Vegetation contact contributes to the root cause of more than half of the wildfire events. The trend is being accelerated with increasingly severe droughts and human development in wildlife-urban fringe areas. Advanced reclosure technology with the ability to quickly sense high impedance faults and better tackle the potential wildfire situation is being widely explored. Relaying and protection algorithms are under development with an aim to detect and clear the fault in less than twenty milliseconds before it transforms into a formidable arc capable of igniting a wildfire.

To this effect, a growing number of utilities are relying on fault transmitters and receivers that are capable of continuously monitoring feeders in high-risk fire areas and could help dynamically adjust the protective relays trip and reclosing in real-time. These rapidly deployable fault transmitters and receivers are proven to be much sophisticated than traditional fuse based systems. The field transmitters/ receivers can wirelessly communicate fault current information to a reclosure control relay in a matter of a few milliseconds from fault inception, thereby greatly reducing the chances of a benign fault transforming into a ravaging wildfire.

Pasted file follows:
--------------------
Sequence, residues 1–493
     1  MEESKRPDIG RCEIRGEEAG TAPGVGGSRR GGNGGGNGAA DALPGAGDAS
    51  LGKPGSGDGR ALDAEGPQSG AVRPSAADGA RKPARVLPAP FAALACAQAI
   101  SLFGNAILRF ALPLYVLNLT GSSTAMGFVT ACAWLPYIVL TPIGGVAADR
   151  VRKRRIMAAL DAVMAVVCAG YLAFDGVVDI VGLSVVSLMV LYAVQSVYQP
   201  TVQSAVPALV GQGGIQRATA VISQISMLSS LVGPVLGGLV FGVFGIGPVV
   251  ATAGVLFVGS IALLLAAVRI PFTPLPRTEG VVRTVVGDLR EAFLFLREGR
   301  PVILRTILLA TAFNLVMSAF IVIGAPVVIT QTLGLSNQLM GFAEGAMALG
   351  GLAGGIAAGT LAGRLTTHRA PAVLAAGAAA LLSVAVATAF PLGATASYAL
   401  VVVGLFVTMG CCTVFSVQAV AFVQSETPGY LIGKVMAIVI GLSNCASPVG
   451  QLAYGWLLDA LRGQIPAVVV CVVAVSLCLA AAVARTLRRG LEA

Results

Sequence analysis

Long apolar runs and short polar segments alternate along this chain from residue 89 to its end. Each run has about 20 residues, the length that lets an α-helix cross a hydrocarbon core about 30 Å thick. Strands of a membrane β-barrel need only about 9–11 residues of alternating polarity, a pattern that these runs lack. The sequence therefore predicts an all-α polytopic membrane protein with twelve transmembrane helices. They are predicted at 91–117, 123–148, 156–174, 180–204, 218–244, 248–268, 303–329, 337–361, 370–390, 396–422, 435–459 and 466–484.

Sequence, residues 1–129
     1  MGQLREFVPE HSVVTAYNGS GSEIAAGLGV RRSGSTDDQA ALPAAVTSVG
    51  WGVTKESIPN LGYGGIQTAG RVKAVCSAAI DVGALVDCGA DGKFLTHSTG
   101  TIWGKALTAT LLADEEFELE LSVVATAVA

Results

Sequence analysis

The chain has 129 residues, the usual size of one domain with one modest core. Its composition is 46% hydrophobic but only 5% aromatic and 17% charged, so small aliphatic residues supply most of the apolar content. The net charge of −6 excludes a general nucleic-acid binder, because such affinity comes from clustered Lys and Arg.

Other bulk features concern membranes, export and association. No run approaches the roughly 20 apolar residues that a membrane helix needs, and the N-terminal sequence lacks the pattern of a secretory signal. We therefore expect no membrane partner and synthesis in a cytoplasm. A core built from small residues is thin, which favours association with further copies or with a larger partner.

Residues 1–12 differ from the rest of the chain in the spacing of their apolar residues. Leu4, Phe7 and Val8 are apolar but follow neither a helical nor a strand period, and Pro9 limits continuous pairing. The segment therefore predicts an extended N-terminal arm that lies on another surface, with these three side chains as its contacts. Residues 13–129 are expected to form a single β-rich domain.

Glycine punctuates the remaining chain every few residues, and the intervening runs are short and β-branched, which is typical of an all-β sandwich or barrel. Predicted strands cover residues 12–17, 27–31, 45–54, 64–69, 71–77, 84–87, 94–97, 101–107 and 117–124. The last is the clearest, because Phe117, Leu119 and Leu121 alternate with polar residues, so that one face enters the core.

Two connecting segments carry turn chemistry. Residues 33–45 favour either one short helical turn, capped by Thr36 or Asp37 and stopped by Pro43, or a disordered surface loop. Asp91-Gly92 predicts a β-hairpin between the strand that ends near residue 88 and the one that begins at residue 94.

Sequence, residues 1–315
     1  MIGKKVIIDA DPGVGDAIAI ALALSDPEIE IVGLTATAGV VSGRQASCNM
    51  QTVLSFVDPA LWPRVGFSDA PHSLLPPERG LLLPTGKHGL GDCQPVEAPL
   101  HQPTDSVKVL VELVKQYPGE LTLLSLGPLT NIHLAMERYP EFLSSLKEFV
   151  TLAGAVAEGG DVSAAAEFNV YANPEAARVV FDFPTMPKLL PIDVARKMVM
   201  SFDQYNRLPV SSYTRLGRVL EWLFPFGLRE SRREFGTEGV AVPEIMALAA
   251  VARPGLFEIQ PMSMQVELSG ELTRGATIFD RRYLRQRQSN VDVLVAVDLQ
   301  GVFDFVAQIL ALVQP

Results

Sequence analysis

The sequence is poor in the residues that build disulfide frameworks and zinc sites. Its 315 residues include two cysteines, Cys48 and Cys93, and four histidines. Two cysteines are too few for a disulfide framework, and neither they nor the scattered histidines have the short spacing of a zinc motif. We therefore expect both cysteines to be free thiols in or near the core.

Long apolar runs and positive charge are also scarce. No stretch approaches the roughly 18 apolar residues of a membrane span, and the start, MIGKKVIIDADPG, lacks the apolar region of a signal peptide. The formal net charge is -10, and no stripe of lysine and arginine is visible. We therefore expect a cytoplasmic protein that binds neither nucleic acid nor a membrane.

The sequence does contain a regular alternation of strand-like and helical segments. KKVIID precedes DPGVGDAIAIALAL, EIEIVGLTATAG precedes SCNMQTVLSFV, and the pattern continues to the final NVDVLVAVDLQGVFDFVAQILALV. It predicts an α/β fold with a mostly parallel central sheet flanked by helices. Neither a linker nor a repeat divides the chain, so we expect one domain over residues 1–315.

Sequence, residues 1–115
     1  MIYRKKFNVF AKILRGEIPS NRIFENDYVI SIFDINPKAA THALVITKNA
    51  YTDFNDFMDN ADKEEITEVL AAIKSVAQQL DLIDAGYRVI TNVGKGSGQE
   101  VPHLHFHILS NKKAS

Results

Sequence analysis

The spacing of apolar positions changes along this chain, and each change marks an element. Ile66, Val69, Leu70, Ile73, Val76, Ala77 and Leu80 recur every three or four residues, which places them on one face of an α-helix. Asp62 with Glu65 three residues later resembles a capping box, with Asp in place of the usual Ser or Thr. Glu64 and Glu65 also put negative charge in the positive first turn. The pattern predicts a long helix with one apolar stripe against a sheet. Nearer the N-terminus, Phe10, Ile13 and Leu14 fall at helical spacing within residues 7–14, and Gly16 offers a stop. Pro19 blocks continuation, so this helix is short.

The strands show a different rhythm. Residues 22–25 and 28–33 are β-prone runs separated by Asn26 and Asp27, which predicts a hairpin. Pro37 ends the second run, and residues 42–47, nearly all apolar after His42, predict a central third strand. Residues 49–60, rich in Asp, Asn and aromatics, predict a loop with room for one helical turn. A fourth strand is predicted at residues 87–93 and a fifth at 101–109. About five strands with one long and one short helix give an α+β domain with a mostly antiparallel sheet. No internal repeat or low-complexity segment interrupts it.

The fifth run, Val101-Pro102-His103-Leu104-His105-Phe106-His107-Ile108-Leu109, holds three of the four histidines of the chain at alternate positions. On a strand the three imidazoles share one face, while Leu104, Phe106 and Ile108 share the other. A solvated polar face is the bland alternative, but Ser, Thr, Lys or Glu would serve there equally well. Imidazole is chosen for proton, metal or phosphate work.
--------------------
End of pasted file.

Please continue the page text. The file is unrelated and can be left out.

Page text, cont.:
Trends in Distribution Automation

With investments in sensor, processor, and communication networks forming the backbone of distribution automation systems, utilities can better manage their carbon footprint and support their post-storm response. Smart meters are at the forefront of distribution automation tools with utilities using them to:

  1. Better track consumer’s usage through net metering when they participate in distributed renewable energy programs
  2. Adjust HVAC system depending on occupancy levels in large buildings such as office spaces to shave peak load